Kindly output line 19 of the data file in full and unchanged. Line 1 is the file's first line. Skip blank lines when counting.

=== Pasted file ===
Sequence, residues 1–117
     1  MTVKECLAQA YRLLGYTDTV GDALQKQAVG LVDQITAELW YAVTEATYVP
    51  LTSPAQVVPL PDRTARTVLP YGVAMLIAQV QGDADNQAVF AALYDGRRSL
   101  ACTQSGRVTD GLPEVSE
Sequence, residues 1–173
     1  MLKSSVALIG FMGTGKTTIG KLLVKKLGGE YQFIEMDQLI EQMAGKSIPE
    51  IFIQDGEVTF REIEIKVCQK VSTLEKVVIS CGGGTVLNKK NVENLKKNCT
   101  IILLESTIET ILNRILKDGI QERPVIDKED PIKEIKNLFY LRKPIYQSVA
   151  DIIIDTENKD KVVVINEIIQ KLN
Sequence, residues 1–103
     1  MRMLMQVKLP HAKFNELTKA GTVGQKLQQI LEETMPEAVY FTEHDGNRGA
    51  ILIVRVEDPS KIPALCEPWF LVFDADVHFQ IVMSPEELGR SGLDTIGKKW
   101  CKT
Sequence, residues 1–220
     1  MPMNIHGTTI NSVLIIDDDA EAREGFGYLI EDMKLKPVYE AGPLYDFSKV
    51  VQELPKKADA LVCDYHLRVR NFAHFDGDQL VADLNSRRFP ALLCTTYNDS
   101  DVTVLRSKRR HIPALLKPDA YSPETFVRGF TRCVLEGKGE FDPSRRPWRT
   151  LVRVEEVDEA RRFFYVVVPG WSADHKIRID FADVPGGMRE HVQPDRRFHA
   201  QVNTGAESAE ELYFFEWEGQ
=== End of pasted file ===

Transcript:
   201  QVNTGAESAE ELYFFEWEGQ